Is It So Bad To Play The Root When I Solo?

Bassist Soloing

Q: I’ve been working on my soloing and I had a question. It keeps getting repeated to me by other players, teachers, and books that I shouldn’t play the root when I solo. What do you think? Is it really such a bad thing?

A: I have a few thoughts on the subject. Some are in line with what you’ve heard and some aren’t. Much depends on the circumstance and if anything, I would say that there is no one rule for every situation.

I assume that you are talking more about the jazz realm than any other. There certainly isn’t anything wrong with playing the root, especially in a rock or blues situation. Indeed, I don’t think there is anything wrong with it in the jazz realm either but with a few caveats.

Most pianists, horn players, and guitarists practice a rootless lifestyle in the shed and on the bandstand. Rootless chords are considered a bit more harmonically interesting and improvisations are no different. Not to say that they never play the root but it’s more that they tend not to use it as a home base like many bassists tend to do when the first start soloing.

The reason that they can get away from the root so effectively is precisely because the bassist will be covering that ground, so they can orient themselves around other scale tones and tensions without redundantly covering the bottom note of the chord.

This is precisely why I don’t consider it particularly egregious when the bassist uses the root to resolve a line or ground a line in an improvisational melody. It is very likely that nobody is focusing on the root while the bassist solos, therefore, it might actually be more impactful.

Much depends on how the other musicians are voicing their chords, of course. If the pianist starts playing voicings with strong harmonic grounding (the root), then they may be intentionally setting you up to free yourself from that constraint. However, if the pianist is playing rootless voicings than there is no longer anybody grounding the sound of the harmony. In fact, if you are both landing on some of the same inversions, it can actually sound like you are playing the root, but of a different chord entirely! (that can be cool, too)

I will say that I think it crucial to your development as an improvising musician to explore melody and harmony from both a rooted and rootless perspective. The reason I think it’s good to force yourself not to orient around the root in the shed is that it gives you a broader perspective and understanding of harmony and how it lays across your fretboard. Being bassists, taught to operate from the root up from day 1, it takes some real time to get comfortable seeing harmony in a way that allows us to play from anywhere within the given chord scale. This is why I tend not to think in terms of key centers but more with regard to chord tones and available tensions for every chord I play over. If I just think, “well, this whole section is really just in E minor”, then I’ll likely just play licks in E minor which, to my ears, sounds like I’m playing at the harmony and not with or through it. Whereas if I think of every chord, make use subtly shifting tensions and chord tones, all the while listening for melodic opportunities, I’m much more likely to play an actual improvised melody.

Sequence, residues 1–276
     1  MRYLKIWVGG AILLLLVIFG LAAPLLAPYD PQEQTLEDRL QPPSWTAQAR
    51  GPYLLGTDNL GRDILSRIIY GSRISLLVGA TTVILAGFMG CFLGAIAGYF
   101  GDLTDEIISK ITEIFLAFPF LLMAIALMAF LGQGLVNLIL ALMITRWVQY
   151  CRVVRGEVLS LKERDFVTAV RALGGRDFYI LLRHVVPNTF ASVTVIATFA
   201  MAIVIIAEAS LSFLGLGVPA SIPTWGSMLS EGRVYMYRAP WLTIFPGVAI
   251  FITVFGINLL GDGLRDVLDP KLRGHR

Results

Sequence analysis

I fully believe that if it sounds good to you, it is good. Your ability to hear more advanced harmony will evolve alongside your experience playing that kind of music, and your playing and note choices will likely change right along with it. My playing is still very much inside the harmony but that’s what sounds good to me on the bass specifically because of the range of the instrument. Certain tensions just don’t sound as good until you play them in a high enough range (which is why I feel harmonically freer when soloing on my 6 string as opposed to 4 string). That said, my note choices have evolved greatly in the past few years, and I now prefer the sound of things I actively disliked not that long ago.

If you really want to speak freely and fully explore your voice on the instrument, I would say to explore it all (a common theme in my columns here at No Treble). First, get comfortable with chords from the root up but then continue to push beyond that as you explore how to play through a myriad of chord changes. Learn melodies and transcribe soloists you dig (both on bass and on other instruments). You may discover certain things which just plain sound better on a guitar, for example, but you’ll also gain perspective on how other musicians perceive harmony. You’ll likely also learn a ton of great approaches along the way that you can integrate into your own vocabulary.

So rock the root! And then… avoid the root! It’s all good and you should strive to be comfortable with all sides of the equation. The key is fully exploring your options so you can really get to what you think sounds good, discovering what makes your voice unique in the process.

Now I know that some of you will have some thoughts on hand for this discussion. How did you get away from the root? Do you bother trying to get away from the root? Do you consider it taboo for the bassist to revolve his solo around the roots of chords? Please share your thoughts in the comments below.

Have a question for Damian Erskine? Send it to [email protected]. Check out Damian’s instructional books, Right Hand Drive and The Improviser’s Path.

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